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Information Literacy Objectives & Assessment

ILOs and Assessments for the Library, Updated Spring 2022

Skills

  • Understanding Sources
    • Popular / Scholarly
    • Primary / Secondary

ACRL Language

Research is iterative and depends upon asking increasingly complex or new questions whose answers in turn develop additional questions or lines of inquiry in any field.

Experts see inquiry as a process that focuses on problems or questions in a discipline or between disciplines that are open or unresolved. Experts recognize the collaborative effort within a discipline to extend the knowledge in that field. Many times, this process includes points of disagreement where debate and dialogue work to deepen the conversations around knowledge. This process of inquiry extends beyond the academic world to the community at large, and the process of inquiry may focus upon personal, professional, or societal needs. The spectrum of inquiry ranges from asking simple questions that depend upon basic recapitulation of knowledge to increasingly sophisticated abilities to refine research questions, use more advanced research methods, and explore more diverse disciplinary perspectives. Novice learners acquire strategic perspectives on inquiry and a greater repertoire of investigative methods.

Knowledge Practices

Learners who are developing their information literate abilities

  • formulate questions for research based on information gaps or on reexamination of existing, possibly conflicting, information;
  • determine an appropriate scope of investigation;
  • deal with complex research by breaking complex questions into simple ones, limiting the scope of investigations;
  • use various research methods, based on need, circumstance, and type of inquiry;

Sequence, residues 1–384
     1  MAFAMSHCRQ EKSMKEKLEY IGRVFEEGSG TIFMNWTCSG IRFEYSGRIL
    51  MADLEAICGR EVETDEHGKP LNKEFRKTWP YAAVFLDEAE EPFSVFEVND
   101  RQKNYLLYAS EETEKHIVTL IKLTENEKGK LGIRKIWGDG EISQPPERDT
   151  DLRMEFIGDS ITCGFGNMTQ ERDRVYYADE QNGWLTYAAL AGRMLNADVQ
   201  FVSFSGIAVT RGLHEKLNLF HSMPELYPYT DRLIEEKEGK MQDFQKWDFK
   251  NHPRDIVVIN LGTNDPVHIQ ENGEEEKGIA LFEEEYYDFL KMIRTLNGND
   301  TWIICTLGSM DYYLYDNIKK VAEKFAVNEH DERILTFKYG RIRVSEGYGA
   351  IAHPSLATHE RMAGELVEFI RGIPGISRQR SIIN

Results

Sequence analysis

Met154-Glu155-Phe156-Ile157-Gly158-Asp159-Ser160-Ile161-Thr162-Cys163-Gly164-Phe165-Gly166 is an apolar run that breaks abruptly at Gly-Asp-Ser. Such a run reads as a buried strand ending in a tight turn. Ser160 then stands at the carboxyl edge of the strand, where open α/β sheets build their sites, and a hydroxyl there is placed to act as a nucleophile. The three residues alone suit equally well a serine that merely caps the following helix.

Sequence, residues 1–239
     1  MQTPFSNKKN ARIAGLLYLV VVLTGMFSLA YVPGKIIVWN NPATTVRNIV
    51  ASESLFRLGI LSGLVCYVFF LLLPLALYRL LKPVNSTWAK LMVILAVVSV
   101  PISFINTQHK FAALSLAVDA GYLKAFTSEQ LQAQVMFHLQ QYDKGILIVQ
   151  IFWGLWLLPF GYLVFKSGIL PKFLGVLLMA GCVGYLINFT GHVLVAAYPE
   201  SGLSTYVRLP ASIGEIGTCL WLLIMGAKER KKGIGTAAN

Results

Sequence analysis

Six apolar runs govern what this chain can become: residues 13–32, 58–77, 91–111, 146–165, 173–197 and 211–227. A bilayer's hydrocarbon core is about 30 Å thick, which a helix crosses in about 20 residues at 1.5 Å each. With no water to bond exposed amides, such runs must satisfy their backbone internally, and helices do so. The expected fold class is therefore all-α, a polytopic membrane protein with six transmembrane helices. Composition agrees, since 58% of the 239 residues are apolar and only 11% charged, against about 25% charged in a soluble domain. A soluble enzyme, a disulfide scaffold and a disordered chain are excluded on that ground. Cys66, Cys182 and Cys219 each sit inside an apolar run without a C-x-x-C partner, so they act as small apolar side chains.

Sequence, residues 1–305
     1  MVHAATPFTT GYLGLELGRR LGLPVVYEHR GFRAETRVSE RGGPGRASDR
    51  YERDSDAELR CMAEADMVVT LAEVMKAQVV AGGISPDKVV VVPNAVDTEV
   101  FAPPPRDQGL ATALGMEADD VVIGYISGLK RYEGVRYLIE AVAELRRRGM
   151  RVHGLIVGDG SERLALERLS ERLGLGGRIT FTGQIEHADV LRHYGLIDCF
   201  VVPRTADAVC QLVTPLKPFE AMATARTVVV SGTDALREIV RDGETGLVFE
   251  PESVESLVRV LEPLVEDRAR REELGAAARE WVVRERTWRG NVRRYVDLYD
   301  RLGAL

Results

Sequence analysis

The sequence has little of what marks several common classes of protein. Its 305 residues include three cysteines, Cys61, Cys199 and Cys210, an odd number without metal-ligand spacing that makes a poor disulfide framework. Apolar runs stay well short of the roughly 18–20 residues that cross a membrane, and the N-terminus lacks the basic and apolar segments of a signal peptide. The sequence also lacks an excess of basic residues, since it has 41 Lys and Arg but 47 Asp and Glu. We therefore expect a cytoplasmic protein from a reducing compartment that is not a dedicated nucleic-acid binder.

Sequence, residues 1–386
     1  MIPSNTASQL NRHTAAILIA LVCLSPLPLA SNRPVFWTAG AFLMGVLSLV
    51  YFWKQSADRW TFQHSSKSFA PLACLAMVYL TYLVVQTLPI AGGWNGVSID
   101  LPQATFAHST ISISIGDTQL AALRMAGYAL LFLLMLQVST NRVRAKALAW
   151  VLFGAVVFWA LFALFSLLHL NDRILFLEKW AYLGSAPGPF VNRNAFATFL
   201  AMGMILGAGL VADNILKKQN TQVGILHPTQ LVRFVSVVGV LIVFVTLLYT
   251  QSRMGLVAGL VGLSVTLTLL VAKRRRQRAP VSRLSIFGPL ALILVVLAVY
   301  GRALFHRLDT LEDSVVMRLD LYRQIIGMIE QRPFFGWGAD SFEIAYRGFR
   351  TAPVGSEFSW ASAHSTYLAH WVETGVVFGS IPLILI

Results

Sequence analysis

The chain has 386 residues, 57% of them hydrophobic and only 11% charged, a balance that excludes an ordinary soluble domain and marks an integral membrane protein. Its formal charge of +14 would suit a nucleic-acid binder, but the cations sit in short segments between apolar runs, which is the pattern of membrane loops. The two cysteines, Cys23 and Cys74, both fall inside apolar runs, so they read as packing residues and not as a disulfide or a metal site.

• monitor gathered information and assess for gaps or weaknesses;
  • organize information in meaningful ways;
  • synthesize ideas gathered from multiple sources;
  • draw reasonable conclusions based on the analysis and interpretation of information.

Dispositions

Learners who are developing their information literate abilities

  • consider research as open-ended exploration and engagement with information;
  • appreciate that a question may appear to be simple but still disruptive and important to research;
  • value intellectual curiosity in developing questions and learning new investigative methods;
  • maintain an open mind and a critical stance;
  • value persistence, adaptability, and flexibility and recognize that ambiguity can benefit the research process;
  • seek multiple perspectives during information gathering and assessment;
  • seek appropriate help when needed;
  • follow ethical and legal guidelines in gathering and using information;
  • demonstrate intellectual humility (i.e., recognize their own intellectual or experiential limitations).

Objective 1

Determine the information need

FRAMEWORK: RESEARCH AS INQUIRY

Lesson Objectives: Upon completion of information literacy instruction, students should be able to:

  1. Recognize the different characteristics of popular and scholarly sources.
  2. Recognize the different characteristics of primary and secondary sources.

1a: Popular vs. Scholarly Sources (SR Code Added)

Recognize the different characteristics of popular and scholarly sources.

  • Bring physical copies of popular magazines and scholarly journals. Have students break up into groups to discuss differences. As a class discuss the differences & point out what students missed.

Sources: Scholarly vs. Popular Author: In scholarly articles, the author's credentials are given, usually a scholar with subject expertise. In popular articles, the author may not be named; a professional writer or journalist who publishes on a wide variety of topics and lacks subject expertise. Audience: For scholarly articles, the audience is scholars, researchers, students. For popular articles, the audience is the general public. Citation: In scholarly articles, sources are cited in footnotes and/or a bibliography. In popular articles, citations are rare. Scanty, if any information about sources. Review: Scholarly articles are peer-reviewed or referred by scholars in a similar or the same field. Popular articles are not reviewed or reviewed by non-specialized editors. Publisher: Scholarly articles are usually published by an academic or scholarly press. Popular articles may have no publisher, and unknown publisher or be published by a popular press that publishes a wide range or popular sources. Format: Scholarly sources are found in books or scholarly journal articles. Popular sources can be found in magazines, websites, and newspapers.

1b: Primary vs. Secondary

Recognize the different characteristics of primary and secondary sources.

  • Short explanation two types of sources. Try to use examples students can relate to (e.g. journal, blog, autobiography/memoir, photographs vs. textbook, biography, book/movie reviews, etc.)
  • Ask students to compare a primary and secondary source on the same topic. 
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